This article reflects what is wrong with those that deign to comment upon cricket. Take tennis as a parallel. The sport has its great players, a lot of whom are individual champions - Laver, Federer, Borg, Graf, Billie Jean King, Court etc. But during commentary of a men's doubles match at the Australian Open - same sport, largely similar format, different players - one commentator lamented how the doubles combination of Leander Paes and Mahesh Bhupathi drifted apart - a pairing he termed "great". Like them, the Woodies, Pam Shriver, and many others made their names in doubles, though they were not individual champions. And yet they are considered great tennis players in their own right. By the same reckoning, the like of Abbasi need to look beyond this fixation with Test cricket as "pure" cricket. This will allow the likes of Hafeez, Hodge and others who follow them to be recognized as top achievers in T20, a different format.

  • on February 25, 2014, 3:26 GMT

    Any game involving a ball and a bat requires skill.The beauty of 20 over cricket is that it lasts about as long as most other sports.The downside is that the dancing girls and the horrible music are unnecessary-but over time the administrators will work out that a gimmick is just a gimmick.I would watch it if the presentation of the game wasn't so awful.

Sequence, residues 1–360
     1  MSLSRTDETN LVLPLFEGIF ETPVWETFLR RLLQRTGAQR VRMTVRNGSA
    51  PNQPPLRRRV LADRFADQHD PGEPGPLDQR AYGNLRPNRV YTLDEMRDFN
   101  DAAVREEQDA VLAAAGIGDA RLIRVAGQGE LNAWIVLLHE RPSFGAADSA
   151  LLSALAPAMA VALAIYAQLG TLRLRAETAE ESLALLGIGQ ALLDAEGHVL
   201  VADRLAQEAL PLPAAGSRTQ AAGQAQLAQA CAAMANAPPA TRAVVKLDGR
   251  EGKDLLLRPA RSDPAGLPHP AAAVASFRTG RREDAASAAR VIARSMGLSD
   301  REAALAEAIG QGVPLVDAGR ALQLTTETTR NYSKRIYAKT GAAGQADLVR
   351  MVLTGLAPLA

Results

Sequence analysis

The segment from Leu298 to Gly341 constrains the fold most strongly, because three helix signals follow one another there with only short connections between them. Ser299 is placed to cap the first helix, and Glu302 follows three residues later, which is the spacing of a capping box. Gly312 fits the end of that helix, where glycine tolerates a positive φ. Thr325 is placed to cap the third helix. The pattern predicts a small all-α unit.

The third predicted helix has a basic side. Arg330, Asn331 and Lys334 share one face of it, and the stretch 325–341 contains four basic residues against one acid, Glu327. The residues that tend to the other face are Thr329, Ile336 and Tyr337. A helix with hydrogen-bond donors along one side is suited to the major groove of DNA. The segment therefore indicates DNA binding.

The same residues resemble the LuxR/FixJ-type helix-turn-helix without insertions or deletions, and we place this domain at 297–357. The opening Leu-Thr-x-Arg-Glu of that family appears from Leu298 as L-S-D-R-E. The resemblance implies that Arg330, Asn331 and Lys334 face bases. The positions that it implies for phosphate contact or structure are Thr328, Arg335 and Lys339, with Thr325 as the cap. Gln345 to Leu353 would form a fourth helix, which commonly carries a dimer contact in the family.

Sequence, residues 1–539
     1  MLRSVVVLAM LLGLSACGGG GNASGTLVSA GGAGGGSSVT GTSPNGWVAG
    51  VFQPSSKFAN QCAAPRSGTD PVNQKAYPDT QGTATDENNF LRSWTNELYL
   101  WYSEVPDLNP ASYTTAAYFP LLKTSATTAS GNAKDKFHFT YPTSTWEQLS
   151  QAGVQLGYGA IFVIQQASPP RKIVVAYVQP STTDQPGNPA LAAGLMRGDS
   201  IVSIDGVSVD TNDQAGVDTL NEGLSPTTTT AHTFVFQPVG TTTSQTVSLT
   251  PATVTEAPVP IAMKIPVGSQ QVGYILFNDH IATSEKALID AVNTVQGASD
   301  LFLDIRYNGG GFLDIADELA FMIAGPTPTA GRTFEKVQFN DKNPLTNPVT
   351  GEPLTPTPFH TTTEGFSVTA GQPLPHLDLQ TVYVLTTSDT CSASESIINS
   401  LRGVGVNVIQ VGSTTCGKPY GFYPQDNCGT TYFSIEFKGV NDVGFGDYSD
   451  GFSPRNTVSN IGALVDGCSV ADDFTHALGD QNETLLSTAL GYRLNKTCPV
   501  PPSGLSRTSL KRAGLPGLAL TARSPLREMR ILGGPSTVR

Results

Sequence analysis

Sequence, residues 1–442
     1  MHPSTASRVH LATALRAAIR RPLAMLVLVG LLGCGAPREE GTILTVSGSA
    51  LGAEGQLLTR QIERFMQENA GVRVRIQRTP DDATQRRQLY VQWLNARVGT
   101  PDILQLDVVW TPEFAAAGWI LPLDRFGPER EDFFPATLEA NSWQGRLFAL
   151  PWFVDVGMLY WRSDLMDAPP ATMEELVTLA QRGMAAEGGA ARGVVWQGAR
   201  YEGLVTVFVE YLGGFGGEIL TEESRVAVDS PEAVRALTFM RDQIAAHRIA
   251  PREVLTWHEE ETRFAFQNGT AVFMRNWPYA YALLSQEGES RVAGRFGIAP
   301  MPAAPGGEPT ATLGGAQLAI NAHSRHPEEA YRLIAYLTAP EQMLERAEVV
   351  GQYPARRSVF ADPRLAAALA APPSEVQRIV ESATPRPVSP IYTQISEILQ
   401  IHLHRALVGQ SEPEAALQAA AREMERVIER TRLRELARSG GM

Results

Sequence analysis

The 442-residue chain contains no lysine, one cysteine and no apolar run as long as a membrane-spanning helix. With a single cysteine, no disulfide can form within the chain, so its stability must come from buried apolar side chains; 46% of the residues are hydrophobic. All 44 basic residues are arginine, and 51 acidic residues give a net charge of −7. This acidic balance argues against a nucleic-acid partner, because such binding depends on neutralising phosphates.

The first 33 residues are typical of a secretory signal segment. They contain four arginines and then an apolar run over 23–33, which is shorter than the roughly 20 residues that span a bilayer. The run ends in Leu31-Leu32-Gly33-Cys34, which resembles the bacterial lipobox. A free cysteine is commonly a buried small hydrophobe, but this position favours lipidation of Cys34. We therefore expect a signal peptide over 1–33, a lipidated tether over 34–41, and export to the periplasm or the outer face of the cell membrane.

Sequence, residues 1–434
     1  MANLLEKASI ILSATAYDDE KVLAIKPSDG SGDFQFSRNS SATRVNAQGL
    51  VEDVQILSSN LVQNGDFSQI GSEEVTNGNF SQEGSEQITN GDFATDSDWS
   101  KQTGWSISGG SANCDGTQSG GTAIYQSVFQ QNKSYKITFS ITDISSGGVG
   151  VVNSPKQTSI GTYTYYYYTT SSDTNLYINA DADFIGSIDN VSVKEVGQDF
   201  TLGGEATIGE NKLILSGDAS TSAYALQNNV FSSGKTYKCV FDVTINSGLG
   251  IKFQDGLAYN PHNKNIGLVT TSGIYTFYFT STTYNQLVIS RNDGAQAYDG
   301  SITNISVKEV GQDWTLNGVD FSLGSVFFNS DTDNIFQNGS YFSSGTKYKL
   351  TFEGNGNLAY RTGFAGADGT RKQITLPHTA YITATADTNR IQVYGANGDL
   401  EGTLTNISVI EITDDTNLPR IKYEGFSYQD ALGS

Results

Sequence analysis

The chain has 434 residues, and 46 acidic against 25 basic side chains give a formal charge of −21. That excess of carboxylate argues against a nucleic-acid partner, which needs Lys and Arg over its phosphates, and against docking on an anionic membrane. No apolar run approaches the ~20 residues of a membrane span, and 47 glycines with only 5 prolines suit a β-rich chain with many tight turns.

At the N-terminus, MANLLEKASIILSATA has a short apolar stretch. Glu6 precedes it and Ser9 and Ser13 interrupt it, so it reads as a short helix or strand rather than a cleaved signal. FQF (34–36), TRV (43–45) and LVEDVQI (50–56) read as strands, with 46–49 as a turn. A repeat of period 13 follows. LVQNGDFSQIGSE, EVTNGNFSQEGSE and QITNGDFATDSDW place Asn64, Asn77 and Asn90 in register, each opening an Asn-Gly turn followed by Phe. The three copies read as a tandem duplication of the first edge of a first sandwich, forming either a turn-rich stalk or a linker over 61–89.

• mars2009 on February 25, 2014, 3:10 GMT

    IPL ruined the standard of bowling particularly fast bowling. The results of Indian cricket team abroad post IPL can prove my point. Secondly, Hafeez is great batsman against mediocre bowling. His average is just 20 against AUS, SA, ENG & NZL in ODI against rest he is averaging 48. For me he can be part of ODI side as bowler who bats at 8-9.

  • 0mar1 on February 24, 2014, 22:22 GMT

    @Chandra writesi " IPL has given the world a Brendon .... ". The country of New Zealand may beg to differ, Chandra Ji!

    Anyways, I am happy for the IPL fans that they have found a way to enjoy this Tamasha so much. After all, these days there is not much to see in the performance of Team India.

  • InsideHedge on February 24, 2014, 21:29 GMT

    Finally, while I sympathise with Kamran and other sensible Pak fans at the exclusion of their players from IPL, he's most defn wrong about the so-called exclusion of SL players.

    The franchises didn't pick them up because most of them will be involved on a full tour to England, a tour which clashes with this season's IPL. They will be picked up next year. It should be remembered that the fees agreed now are for a 3 year contract. The franchises will instead pay 2 year's worth of money starting next year, an economically sound choice. What is the point of paying someone for 3 years when they're only available for 2 years?

    If SL players were excluded then the likes of Lasith Malinga and Thisara Perera would not have been signed up - neither will play for SL in the Tests. Meanwhile, Sangakkara made the smart choice of not even entering the auction this year.

    Some of the choices made by the franchises are plain bizarre but you can't accuse them of delib avoiding SL players.